Easy Uploading to the Intel Edison

The most powerful feature of the Intel Edison is the wireless connectivity. Once the Intel Edison is setup, you can plug it into power and then easily connect to it to upload a new or updated program. This is especially nice for me since only one of my USB cords works with it.

The easiest way to use this feature is with JavaScript and pairing it with Gulp or Gist and Visual Studio. Unfortunately, I don’t know JavaScript at all, so any time I start looking at programming the Intel Edison I inevitably get lost in all the tutorials and projects surrounding Node.js and JavaScript.

I am comfortable in C and while at some point I want to be proficient in JavaScript, right now I want to play with my hardware toys and the JavaScript is just a distraction. The downside of C is that it became much harder to upload sketches and it is frustrating after getting use to how easy it was before. There are a couple of ways to make it automatic, but I decided to make a little program to make it automatic for me no matter what IDE or computer I am using.

So I sat down for a late night of hacking and the result was EdisonUploader and my first project on Github. Check it out.

The first time you launch it, you get a settings panel. Type in the name or IP of your Edison, as well as, the username and password, save it so it won’t ask again and click OK.

Settings Dialog
Settings Dialog

Hit the Test Connection button and make sure it works.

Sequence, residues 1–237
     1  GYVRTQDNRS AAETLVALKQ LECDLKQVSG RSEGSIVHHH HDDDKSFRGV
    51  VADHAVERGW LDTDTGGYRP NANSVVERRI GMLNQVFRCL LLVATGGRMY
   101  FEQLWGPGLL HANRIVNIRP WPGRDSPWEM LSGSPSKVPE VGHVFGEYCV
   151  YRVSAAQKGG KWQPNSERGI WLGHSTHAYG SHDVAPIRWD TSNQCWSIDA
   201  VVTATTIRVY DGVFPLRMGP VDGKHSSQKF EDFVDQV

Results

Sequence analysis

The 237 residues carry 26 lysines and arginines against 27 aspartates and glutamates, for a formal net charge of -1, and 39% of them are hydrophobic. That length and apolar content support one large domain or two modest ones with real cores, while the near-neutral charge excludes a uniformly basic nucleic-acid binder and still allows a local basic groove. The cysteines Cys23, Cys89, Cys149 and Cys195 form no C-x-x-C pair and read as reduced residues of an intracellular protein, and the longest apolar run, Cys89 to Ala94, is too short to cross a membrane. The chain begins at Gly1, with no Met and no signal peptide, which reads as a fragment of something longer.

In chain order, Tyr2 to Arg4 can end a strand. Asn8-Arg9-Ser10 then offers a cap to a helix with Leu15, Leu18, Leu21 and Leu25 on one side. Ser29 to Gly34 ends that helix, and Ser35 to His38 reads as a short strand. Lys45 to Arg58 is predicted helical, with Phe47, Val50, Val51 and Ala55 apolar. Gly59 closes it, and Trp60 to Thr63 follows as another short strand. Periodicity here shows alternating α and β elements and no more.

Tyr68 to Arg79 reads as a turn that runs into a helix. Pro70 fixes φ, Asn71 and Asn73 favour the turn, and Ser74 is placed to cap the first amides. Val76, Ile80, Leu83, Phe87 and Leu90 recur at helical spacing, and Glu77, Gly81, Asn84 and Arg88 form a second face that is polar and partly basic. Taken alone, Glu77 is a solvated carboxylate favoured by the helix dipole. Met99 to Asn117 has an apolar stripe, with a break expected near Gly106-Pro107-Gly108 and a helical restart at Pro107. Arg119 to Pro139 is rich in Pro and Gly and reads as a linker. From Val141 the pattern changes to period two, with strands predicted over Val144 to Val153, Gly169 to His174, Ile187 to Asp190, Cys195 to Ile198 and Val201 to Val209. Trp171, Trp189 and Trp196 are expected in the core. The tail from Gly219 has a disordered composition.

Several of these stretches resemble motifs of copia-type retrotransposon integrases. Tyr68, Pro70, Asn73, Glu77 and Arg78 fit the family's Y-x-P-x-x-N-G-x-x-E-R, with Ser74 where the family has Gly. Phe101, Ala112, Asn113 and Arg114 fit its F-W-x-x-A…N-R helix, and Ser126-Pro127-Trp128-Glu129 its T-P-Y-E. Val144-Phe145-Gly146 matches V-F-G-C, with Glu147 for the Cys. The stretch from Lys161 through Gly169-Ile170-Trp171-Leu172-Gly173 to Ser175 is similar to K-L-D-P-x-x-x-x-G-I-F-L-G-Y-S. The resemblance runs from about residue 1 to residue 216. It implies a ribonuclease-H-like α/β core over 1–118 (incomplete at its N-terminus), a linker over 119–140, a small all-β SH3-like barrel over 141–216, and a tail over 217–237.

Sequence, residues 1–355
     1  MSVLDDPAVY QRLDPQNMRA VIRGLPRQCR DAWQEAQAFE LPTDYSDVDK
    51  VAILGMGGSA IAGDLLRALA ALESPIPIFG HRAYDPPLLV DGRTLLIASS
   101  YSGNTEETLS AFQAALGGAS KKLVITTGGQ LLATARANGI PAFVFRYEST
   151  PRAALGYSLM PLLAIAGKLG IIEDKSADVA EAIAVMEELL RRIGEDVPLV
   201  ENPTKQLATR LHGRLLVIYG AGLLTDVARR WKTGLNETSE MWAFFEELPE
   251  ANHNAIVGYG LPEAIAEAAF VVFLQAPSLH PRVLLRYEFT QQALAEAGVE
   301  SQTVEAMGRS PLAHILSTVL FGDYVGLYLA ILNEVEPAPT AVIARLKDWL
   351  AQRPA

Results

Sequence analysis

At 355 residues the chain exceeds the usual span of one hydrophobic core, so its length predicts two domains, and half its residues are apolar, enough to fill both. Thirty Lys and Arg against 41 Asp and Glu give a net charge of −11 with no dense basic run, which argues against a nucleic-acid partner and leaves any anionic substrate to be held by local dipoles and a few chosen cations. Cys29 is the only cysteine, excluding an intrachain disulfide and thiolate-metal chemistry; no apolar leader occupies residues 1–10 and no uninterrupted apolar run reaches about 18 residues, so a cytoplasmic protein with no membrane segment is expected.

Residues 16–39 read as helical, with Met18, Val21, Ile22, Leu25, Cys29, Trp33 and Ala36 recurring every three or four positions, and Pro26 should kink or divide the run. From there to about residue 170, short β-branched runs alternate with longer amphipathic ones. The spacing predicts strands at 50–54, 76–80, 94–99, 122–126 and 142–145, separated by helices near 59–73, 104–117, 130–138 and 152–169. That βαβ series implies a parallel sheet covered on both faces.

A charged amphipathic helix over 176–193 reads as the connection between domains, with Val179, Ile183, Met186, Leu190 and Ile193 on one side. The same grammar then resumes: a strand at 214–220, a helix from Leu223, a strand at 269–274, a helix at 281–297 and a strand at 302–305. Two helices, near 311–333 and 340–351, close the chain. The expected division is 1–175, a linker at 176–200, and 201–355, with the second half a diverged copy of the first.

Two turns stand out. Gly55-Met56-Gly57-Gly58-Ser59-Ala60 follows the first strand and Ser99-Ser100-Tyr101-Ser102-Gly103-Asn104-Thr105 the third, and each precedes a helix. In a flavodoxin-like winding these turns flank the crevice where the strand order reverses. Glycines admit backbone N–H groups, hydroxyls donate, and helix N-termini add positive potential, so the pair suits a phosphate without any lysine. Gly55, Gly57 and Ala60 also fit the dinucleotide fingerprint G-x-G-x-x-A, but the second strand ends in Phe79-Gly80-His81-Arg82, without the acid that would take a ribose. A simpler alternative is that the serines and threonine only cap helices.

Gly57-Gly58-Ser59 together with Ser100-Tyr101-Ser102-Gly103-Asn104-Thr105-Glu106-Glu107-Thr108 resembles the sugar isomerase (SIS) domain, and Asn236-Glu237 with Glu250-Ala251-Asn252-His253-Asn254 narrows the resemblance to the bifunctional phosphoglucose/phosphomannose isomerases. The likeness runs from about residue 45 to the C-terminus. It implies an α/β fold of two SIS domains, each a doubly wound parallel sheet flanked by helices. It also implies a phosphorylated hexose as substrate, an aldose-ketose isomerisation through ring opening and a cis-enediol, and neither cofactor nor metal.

Edison Uploader
Edison Uploader

Next press Set Watch. This is going to watch a directory (recursively) for any new or modified .elf files. It defaults to the Arduino location: C:\Users\<USERNAME>\AppData\Local\Temp. If you are using Visual Micro in Visual Studio the location is C:\Users\<UserName>\AppData\Local\V.Micro\Arduino\Builds\.

If you are using different software, build the project with verbose mode enabled and determine where the elf file is being placed. Next build a complete new project and were where that file is placed. The path you want for the watch is the root path that is common between those two locations.

Once the watch is set every time the sketch is compiled a message window will pop up asking if you want to upload that sketch. Click Yes and it will fill in the path (you can also manually browse to an elf file). Press Upload ELF and it will upload that sketch to the Intel Edison.

Easy to setup and use: Compile->Yes->Upload ELF.

Release on Github

Github Pages

I couldn’t believe how easy it was to get a page setup with Github. The other weekend I went to setup a Github repository for the upcoming CoderDojo ABQ and decided to use the Github Pages feature to get some information up and running.

I found a CoderDojo that was already on Github, whose format I liked. I forked it, renamed it and had a page up.

Next I downloaded the windows client, grabbed a copy of the repository and loaded up new imagery and put up some quick content. Committed it and I now you can see CoderDojoAbq. This took me about an hour and I still don’t really know Git at all, but I extremely impressed with how easy it was to get something nice setup. I was also impressed with the Windows client. I didn’t read any documentation and only knew the basics about how the Github pages functioned, everything was just natural and smooth.

My next plan is to get a tutorial up for how to fork and change the site and the push the changes to the official site (I’ll have to learn how to do this first).  Ideally, the students themselves will be able to update the website with their own projects or add features and designs.